n i o J

All memberships include a subscription to our quarterly magazine, Starshell (yep, you’ll get this snazzy magazine delivered four times a year electronically!).

The Naval Association of Canada: •

Actively supports the Royal Canadian Navy.

Educates. We do not lobby.

Produces position papers, not opinion papers. Members are encouraged to state opinions, but NAC does not.

Educates all politicians of all parties for they will certainly change and naval ships are around for many political cycles.

Welcome all who are interested in ensuring Canada has a capable and effective Navy for all three oceans.

Has local Branches in many major cities across Canada with local activities, social and otherwise.

Visit for information on your local Branch and its website.

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NAC member awarded Meritorious Service Cross By Carmel Ecker, Editor Dr. Richard Gimblett’s fingerprints are on many parts of Canada’s naval history and his contributions were recognized this past year when the long-time NAC member was awarded the Meritorious Service Cross (civil division). “I’m honoured and I’m humbled and I was really quite surprised by it because it’s a fairly prestigious award,” said Gimblett in a recent phone interview. But the award isn’t so surprising when you examine Gimblett’s contributions to the understanding of Canada’s naval history and its use in naval strategy for the future. Gimblett started his career as a naval officer in 1982, serving in HMC Ships Kootenay, Gatineau, Preserver and Protecteur before his expertise in naval history took him ashore in 1991. There, he fulfilled a number of advisory roles including appointments as an analyst for the Directorate of Maritime Strategy, a researcher and writer for the Directorate of History and Heritage (DHH), Acting Director Navy DHH and most recently

as the Command Historian for the RCN. He “collected a couple of degrees” during his time in the navy, finishing his formal education with a doctorate in Canadian Naval History. The list of papers, articles, books and reports he’s written or edited during his career takes up a whopping four pages of his CV and includes “Leadmark, the Navy Strategy for 2020,” for which he was the lead writer. “I shaped many of the ideas in it based on my analysis of naval operations to that point, and having looked at the way we had done naval operations in the past, especially since the Gulf War,” says Gimblett. “We turned many of the factors in there into a strategy—the fundamental elements of a Canadian naval strategy.” Though his writing has been prolific, most of it will never be read by the general public, he says. “I’m not a story historian. I look at operations, policies, institutions. I’m a boring historian,” he says with a laugh. “It’s just not the sort of stuff that people go for. It’s of more use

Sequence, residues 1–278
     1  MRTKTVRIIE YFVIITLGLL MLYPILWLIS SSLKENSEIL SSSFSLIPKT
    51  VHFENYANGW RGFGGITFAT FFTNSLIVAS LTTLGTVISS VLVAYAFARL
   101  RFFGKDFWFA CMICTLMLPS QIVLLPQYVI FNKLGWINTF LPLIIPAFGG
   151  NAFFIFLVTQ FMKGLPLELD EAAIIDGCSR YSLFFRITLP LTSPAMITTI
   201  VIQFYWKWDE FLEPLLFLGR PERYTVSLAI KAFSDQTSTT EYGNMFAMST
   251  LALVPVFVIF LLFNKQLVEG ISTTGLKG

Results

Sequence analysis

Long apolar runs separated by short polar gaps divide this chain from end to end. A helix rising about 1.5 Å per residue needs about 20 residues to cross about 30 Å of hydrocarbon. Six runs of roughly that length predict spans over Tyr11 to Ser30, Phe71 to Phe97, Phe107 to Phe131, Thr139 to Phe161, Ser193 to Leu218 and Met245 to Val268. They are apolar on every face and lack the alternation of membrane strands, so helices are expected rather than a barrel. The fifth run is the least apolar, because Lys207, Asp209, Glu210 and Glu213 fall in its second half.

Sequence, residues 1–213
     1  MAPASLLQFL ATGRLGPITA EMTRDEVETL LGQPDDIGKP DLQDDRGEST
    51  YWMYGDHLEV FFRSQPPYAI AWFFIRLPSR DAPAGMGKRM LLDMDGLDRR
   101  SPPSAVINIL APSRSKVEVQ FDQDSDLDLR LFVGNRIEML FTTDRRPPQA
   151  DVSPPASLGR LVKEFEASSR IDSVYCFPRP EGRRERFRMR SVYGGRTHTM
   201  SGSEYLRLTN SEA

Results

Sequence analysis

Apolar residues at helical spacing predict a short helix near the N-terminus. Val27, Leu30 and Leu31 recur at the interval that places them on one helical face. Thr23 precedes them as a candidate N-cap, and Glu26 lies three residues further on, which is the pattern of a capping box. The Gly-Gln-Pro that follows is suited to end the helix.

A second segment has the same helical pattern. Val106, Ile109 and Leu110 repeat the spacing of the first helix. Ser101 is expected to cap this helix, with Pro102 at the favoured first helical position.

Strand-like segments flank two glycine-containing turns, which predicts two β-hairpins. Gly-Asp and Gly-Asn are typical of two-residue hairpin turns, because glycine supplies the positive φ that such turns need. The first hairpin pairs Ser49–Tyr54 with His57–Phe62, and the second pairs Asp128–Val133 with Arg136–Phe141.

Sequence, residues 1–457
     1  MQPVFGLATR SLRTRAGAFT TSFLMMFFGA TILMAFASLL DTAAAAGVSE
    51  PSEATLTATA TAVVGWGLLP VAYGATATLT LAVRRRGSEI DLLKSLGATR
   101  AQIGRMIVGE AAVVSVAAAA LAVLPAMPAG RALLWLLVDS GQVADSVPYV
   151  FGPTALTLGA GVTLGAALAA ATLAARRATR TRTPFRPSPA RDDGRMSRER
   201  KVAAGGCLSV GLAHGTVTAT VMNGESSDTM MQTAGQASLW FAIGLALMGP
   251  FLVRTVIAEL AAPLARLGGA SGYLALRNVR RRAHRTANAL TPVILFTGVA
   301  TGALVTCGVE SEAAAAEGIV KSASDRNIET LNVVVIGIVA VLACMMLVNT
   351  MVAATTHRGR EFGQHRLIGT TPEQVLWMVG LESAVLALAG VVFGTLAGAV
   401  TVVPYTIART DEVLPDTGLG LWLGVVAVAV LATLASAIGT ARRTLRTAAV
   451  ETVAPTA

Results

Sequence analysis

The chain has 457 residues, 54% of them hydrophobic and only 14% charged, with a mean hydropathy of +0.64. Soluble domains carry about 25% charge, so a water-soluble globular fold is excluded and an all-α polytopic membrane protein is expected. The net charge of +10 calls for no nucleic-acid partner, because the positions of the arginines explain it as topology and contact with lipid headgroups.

Dr. Richard Gimblett receives the Meritorious Service Cross (civil division) from Governor General Julie Payette. 8 | Starshell Winter 2019

to the navy in understanding their past.” His expertise focuses primarily on the post-Cold War era—a time he considers largely ignored by most naval historians. “I say this tongue in cheek; I’m the only Canadian naval historian who has written nothing on the Second World War. Everybody else does the Second World War, which leaves the rest open to me.” His career as a historian within the navy started when he co-authored the official history of the Gulf War. Having served in HMCS Protecteur as a Combat Officer during the Gulf War, he had first hand experience in the conflict as well as an ability to see the broader historical context. That project took three years to complete. That and his other post-Cold War naval research prompted his MSC citation to deem him “Canada’s premier postCold War naval historian.” The books most familiar to the general public would be the two Naval Centennial coffee table books he edited: “Naval Service of Canada: The Centennial Story”, which is available online in the DHH section of the navy’s website; and “Citizen Sailors: Chronicles of Canada’s naval reserve”, which he co-edited with Michael Hadley. Despite recently retiring, Gimblett’s list of current research and writing projects is long and includes the second half of the Cold War, a period he says has very little written about it from a naval perspective. “This is my time at sea; the 70s and 80s is when I was living in the old steam destroyers and tankers,” he says. “So I’m curious about the nature of the work we were doing.” Research and writing aside, Gimblett has also contributed to some highly visible projects that celebrate Canada’s naval history. He was involved with several initiatives during the navy’s centennial year, including the introduction of a distinctive naval ensign. At the time, the Canadian government